I guess the biggest issue is that those stressful times exposed rifts in our marriage and differences in our personalities that are just too great to ignore. I also discovered that, under pressure, perhaps he was not who I thought he was. In fact, things weredone and said during that dark time that I feel I still cannot let goof or forgive him for.
My personal experience and what I think:
My X and I were so pumped I was going to be a Dad and her kids from another marriage were the same. It was a happy time, then my Son was born. Not long after the X became irrational and awkward to deal with, blaming. Later her middle daughter from a previous marriage who assumed my last name turned on me, and later the rest of her family did the same. The only warning I had was a friend (bridesmaid) came to visit after a long period of time and informed me that the “X has gone off”. I did not really understand what she meant but crap got really bad later on. Later, she tried to jump out of the van and fighting with me for the little of details. During a discussion I did not agree with, she ran out in front of an oncoming car. And later, she eventually downed all her meds and her brother blames me saying “you did not want to stop her”. Glad I was on the phone to an RCMP friend of mine at the time she claimed I was letting her do this to herself. I asked my friend what to do and she told me “phone the ambulance” and I did. She spent 3 weeks in the hospital and later she appeared much better. But the tension was still uncomfortable with her family and other kids from the other marriage. For the sake of my son I left the relationship because I had to make sure my child did not suffer stress at so young an age. Later, stuff got better and the X made an effort to make it work with me so (and I waited 3 years to be sure she was doing well), we had a Daughter. Later on, and again she went off the deep-end. I had enough, her middle daughter from the previous marriage just hated me and was jealous of my son. I could not afford my children being damaged. I have stayed away. I feel sorry the women but I will never go beck to her. My kids are fine. They sure do love me and are so accustomed to the visitation. I did it right for the most innocent and influenced. All people need a good foundation to begin life and stress from Post Partum is the worst and most effective way to ruin a child. I have told my male friends to watch out for irrational behavior and get the wife to dr right away. I have lost nothing. I am very happy and my kids adore me.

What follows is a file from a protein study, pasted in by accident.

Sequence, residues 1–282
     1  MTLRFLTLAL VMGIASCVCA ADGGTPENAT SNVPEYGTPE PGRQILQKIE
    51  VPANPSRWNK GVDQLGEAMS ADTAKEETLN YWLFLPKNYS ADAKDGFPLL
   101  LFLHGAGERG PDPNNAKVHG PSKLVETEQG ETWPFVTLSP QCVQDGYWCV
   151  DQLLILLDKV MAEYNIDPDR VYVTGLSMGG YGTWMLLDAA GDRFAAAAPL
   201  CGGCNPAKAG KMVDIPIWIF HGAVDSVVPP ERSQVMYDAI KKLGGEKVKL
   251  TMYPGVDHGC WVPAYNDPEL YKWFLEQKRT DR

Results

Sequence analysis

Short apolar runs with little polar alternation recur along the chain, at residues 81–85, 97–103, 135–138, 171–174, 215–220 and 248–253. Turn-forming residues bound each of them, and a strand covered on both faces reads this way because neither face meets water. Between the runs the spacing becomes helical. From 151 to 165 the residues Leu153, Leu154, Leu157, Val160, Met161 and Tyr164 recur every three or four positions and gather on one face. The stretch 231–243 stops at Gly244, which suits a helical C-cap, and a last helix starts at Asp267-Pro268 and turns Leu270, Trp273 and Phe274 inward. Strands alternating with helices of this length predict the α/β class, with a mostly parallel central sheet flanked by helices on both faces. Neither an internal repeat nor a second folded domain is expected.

About me: I had been severely bullied as a child and when I was 24 met a lady I am still friends with to this day. We lived together 14 years and (during that time in 86 I had a vasectomy to ensure I had no children – result of bullying) and had 2 cats and then one day we ended the relationship..She did not want children but I was getting that powerful urge to have them. I met my now X and she had 3 children from another marriage and seemed a happy women.
I made an awful mistake suggesting she go off her meds and she did.. I regret that. We lived together for about 4 years and then got married. Her 2 daughters assumed my last name. Then we got married and I got reconnected and it was a success.:). so happy I did that, so happy I have kids, so happy I LEFT! My Son is healthy, lovely kids, really good looking serious.. and his sister is the same. I got all a Dad could ever want and more. I have tried several times to make it work with the X but recently told her I do not trust her depression.. no matter how well she is medicated I just can’t risk it.
Message for Guys: Careful with Post Partum.. It is like a shotgun hanging on the wall loaded and cocked that somehow falls on the floor and goes off. Stay in touch with your doctors.
I just recently am discovering that I may be suffering with ppd. My son is 4 months and I had preeclampsia and had to have an emergency c-section 3 weeks before my due date. I was on 2 medications for blood pressure and was in school full time. About a month ago my partner and I were arguing and I said I wasn’t happy so he left. After I regretted everything and tried to ask him to come home but I was an emotional wreck and so was he and we would end up arguing more. When I took time to think about what I went through and why I was unhappy I realized it could be connected to ppd and being on procartia and a beta blocker which can both cause depression and anxiety which I wasn’t aware of until last week. I was happy in my relationship I was just depressed and now that I’m off the meds I’m slowly starting to feel like myself again but I don’t know if there’s a way to repair my relationship. I’m not sure if I explain my situation if he would hear it or if he would feel like its an excuse.
So for now I’m taking it a day at a time and focusing on myself and my wonderful son.
Does anyone know of any resources to help the husband/family through this phase? Although it won’t always be the case, a lot of couples come together for the right reasons and if they were better supported through recovery from post natal depression more families may be happy to stay together.
I’ve been searching everywhere for something to help me and my wife through the journey described in this post, but there seems to be so little out there for this.